he saugh the crowned lyon hadde the werse, he yede to helpe hym, and ran upon
the beestes of the lyon uncrowned that faught with hem so fiercely that he made
hem resorte bakke; and as longe as he was agein hem myght thei never have the
better of the bataile. And whan the lyon that was uncrowned saugh he myght not
have the better while he was agein hym, he made departe the bataile and aqueynte
hym with the leopart, till he drough hym on his partye and ledde hym with hym.
And the thridde day began agein the bateile of the beestes as it hadde be byforn,
and the leopart was with the lyon that was uncrowned. And the beestes fought so
togeder that the crowned lyon turned to discounfiture, and he made signe to the
lyon withoute crowne that he sholde go crye mercy. And so he dide, and so was
made the pees betwene the two lyouns in soche maner that never after were in no
wratthe togeder. And than the lady behilde the leopart to wite yef she cowde hym
knowe be eny wey; and at the laste hir thought it was the same that com oute of hir
thigh that was so woxen and amended. And hir thought that alle the beestes of the
Bloy Breteyne to hym enclyned, and alle thei of Gannes and of Benyok. And
whan he hadde alle the lordship of these beestes, she knewe not where he was
becomen.
Thus she aboode all nyght in this avision till it was day; and than she awoke, all
affraied of the merveile of hir dreme. And whan the Kynge Ban saugh hir so
affraied, he asked hir what her eyled. And she tolde hym hir dreme as she hadde
seyn in her slepe; and whan she hadde all tolde, the kynge seide therof sholde
come but goode, with Goddes grace. Than thei aroos and wente to the firste masse,
bothe the kynge and his wif, as erly as thei myght; but thei wolde not awake the
Kynge Arthur so erly ne his companye that slepten savourly for the grete travaile
that thei hadd the day before. And the Kynge Ban praied oure Lorde with goode
herte that He wolde yeve hym the deth soche tyme as he wolde it aske. And this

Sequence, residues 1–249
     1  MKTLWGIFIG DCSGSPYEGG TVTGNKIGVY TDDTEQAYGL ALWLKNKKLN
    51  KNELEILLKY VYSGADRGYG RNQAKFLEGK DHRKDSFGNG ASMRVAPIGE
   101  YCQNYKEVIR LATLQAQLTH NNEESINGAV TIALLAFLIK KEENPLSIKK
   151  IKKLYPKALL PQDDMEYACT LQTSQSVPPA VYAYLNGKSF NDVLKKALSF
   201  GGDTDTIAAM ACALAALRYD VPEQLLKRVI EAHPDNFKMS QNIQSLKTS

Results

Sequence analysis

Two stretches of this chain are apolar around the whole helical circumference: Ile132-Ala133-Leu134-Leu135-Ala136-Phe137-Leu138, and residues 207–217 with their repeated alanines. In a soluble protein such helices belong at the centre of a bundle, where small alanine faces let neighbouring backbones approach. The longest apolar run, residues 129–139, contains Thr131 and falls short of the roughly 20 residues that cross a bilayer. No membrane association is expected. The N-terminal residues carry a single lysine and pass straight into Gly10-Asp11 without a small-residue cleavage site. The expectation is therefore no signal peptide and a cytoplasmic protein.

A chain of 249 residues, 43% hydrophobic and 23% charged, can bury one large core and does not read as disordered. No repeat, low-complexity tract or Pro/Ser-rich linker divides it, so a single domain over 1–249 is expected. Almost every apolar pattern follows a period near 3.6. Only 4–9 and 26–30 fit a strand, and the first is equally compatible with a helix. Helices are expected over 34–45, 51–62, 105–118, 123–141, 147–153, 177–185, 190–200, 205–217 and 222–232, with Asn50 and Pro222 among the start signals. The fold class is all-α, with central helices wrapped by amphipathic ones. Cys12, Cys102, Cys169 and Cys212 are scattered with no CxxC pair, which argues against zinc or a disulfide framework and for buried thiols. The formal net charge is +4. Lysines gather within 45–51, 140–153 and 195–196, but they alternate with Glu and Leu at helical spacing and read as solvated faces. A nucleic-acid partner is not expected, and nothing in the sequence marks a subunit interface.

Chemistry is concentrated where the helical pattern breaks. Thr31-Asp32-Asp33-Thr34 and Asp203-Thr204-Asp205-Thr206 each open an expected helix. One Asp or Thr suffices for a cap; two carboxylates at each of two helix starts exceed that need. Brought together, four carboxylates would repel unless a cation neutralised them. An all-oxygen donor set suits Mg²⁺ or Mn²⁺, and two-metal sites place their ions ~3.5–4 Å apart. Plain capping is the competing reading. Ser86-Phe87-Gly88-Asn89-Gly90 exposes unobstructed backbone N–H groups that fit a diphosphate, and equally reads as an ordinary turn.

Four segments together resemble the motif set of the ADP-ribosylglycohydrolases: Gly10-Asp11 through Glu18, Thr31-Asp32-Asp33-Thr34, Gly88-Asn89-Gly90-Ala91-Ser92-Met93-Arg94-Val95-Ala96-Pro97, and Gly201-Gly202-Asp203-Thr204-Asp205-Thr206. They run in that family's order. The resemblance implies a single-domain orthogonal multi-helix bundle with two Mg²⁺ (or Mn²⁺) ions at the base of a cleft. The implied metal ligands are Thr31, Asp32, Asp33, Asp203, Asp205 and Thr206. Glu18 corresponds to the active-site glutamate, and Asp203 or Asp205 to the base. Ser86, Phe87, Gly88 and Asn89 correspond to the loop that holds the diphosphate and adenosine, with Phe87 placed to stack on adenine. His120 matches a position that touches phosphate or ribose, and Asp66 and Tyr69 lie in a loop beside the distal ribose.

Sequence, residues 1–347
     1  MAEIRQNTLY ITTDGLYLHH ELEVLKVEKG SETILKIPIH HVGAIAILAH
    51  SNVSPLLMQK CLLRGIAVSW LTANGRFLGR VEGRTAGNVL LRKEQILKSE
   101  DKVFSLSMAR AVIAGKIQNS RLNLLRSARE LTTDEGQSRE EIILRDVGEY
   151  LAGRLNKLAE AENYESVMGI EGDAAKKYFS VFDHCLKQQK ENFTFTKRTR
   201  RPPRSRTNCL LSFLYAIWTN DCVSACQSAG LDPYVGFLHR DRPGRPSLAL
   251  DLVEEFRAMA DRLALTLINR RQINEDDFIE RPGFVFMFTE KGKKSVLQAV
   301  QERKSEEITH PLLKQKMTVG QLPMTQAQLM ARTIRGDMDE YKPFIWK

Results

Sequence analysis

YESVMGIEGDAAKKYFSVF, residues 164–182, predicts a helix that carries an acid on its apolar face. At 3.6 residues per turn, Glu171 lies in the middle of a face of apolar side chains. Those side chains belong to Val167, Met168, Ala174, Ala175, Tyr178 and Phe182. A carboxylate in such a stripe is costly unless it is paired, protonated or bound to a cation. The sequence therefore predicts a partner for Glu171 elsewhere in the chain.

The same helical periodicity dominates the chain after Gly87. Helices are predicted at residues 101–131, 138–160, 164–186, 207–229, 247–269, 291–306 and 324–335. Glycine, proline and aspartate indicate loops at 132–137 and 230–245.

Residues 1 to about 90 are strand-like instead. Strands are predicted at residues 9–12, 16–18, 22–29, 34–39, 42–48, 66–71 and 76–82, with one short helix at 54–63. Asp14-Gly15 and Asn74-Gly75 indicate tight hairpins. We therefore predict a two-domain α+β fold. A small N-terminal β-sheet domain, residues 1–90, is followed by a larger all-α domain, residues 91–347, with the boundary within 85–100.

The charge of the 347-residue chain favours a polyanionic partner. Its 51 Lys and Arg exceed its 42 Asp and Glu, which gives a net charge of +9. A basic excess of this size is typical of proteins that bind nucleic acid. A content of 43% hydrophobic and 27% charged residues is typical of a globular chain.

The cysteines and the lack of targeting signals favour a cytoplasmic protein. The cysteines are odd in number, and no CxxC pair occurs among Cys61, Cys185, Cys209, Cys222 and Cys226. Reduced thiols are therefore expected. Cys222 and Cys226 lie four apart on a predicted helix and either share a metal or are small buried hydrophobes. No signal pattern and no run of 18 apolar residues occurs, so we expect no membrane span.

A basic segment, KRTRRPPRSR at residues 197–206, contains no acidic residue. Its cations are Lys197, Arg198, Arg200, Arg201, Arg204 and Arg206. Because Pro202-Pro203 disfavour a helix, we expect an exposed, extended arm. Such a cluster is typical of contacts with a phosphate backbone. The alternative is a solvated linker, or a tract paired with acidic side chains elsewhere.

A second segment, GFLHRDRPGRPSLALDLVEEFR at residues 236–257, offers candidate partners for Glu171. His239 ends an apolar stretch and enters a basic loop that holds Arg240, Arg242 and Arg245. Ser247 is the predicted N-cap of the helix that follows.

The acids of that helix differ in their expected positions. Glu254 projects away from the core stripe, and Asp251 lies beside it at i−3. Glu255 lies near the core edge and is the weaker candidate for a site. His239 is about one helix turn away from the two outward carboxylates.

prayour made he many tymes, till on a nyght in his slepe a voyse seide that his
prayour sholde be trewe and that he sholde have the deth as soone as he wolde it
aske the same day. But ones before sholde he synne dedly in avoutré er he dyed,
but therof not to be dismayed, for he sholde therof well acorde with oure Lord;
and he was right a goode man in his feith and creaunce.
In this dreme that the Kynge Ban was, hym thought whan the voyse departed
that it caste soche a crye as it hadde ben a thunder, the grettest and merveillouse
that ever he hadde herde. And he sprange therwith so sore theras he hilde the
queene in his armes, that nere he hadde fallen oute of the bedde that was grete and
large. And the queene was therwith so affraied that she myght speke no worde in
a longe while, and the kynge hymself so that he wiste not where he was. And
whan the kynge was come agein into his memorie, he aroos and wente to cherche
and was shriven, and than herde the servyse of oure Lorde. And ever after, as
longe as he lyved, was he confessed every eight dayes and was hoseled with the
blissed sacrement; and so dide Kynge Bohors his brother that was a full goode
man and of holy lyvinge.
Thus was the Kynge Arthur in the reame of Benoyk, he and his men, a moneth.
And [thei] ronne every day into Claudas londes and wasted it, so that longe tyme